These are only few, out of many, women who are now COVID vaccinated and strongly urge other citizens to follow their leads.
The Pope Formalized Women’s Roles In the Catholic Church
By Hadley Hart
Historically, in the Catholic Church, women have been overlooked and not permitted to hold a position in mass, but after a meeting at the Vatican with Pope Francis, steps are being made towards gender equality in the Catholic Church.
The Catholic Church has previously forbidden women from filling a number of roles in the church, such as serving at the altar, which includes the distribution of communion, and giving readings from the Bible during mass. Change is finally inciting after Pope Francis amended the Code of Canon Law on January 11, 2021. The Code of Canon Law prohibits conservitive priests from banning women from participating in these particular roles in mass. According to Francis, what prompted his decision to revise the law was that he wanted to acknowledge the “precious contribution” that women make in the church. However, the change in law that the Pope made still does not guarantee complete equality in the church; there are a number of positions that can only be filled by “ordained” ministers, which includes the diaconate and priesthood, both of which can only be filled by men.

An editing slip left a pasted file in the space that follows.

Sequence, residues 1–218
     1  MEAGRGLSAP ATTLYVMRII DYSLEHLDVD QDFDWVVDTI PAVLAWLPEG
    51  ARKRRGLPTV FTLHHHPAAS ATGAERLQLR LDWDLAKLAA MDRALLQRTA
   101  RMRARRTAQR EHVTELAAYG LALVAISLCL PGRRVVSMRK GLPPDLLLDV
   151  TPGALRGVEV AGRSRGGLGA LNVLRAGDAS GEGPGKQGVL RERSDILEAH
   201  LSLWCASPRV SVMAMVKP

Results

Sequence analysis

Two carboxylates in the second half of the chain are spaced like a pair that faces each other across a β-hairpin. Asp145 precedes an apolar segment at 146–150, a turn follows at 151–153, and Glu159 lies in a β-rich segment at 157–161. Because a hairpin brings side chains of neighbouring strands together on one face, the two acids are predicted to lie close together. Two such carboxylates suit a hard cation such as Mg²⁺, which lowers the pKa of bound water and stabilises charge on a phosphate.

Though this is not a radical change for many Catholic women, considering that the positions of highest power can still only be held by men, it is a small step in the right direction towards religious gender equality.
How to Tip for Takeout
By Alexa Bournazos
The dangers of restaurant dining due to the Coronavirus have driven many Americans to bring their business to take out services, such as Grubhub, Ubereats, and local pizzerias. With the rise of takeout and the struggling restaurants, the question of tipping has crossed the minds of many.
Deciding how much to tip is easy in a restaurant: 15-20%. In a restaurant, you are waited on and form a connection with and consequently an opinion on, the person who is serving you. Takeout is a much more impersonal process; the food is dropped at your door, and most of the time the delivery person drives away before you can get to the door. So, should these people be tipped the same amount as the wait-staff in restaurants? During these uncertain times, perhaps yes.
One Grubhub delivery driver told Glamour, “about 50 percent of my weekly earnings is from my tips.” Grubhub only pays their deliverers 50 cents a mile from the restaurant to the home, and does not include the fare the drivers take to arrive at the restaurant. A large percent of the drivers’ paychecks is required to pay for gas, subtracting a large portion of their pay. The same way that the pandemic is robbing Americans of their ability to eat inside restaurants, it is similarly robbing American employees of a normal salary. After all the work food deliverers go through to get your food to you, a 20% tip is well deserved and would be greatly appreciated.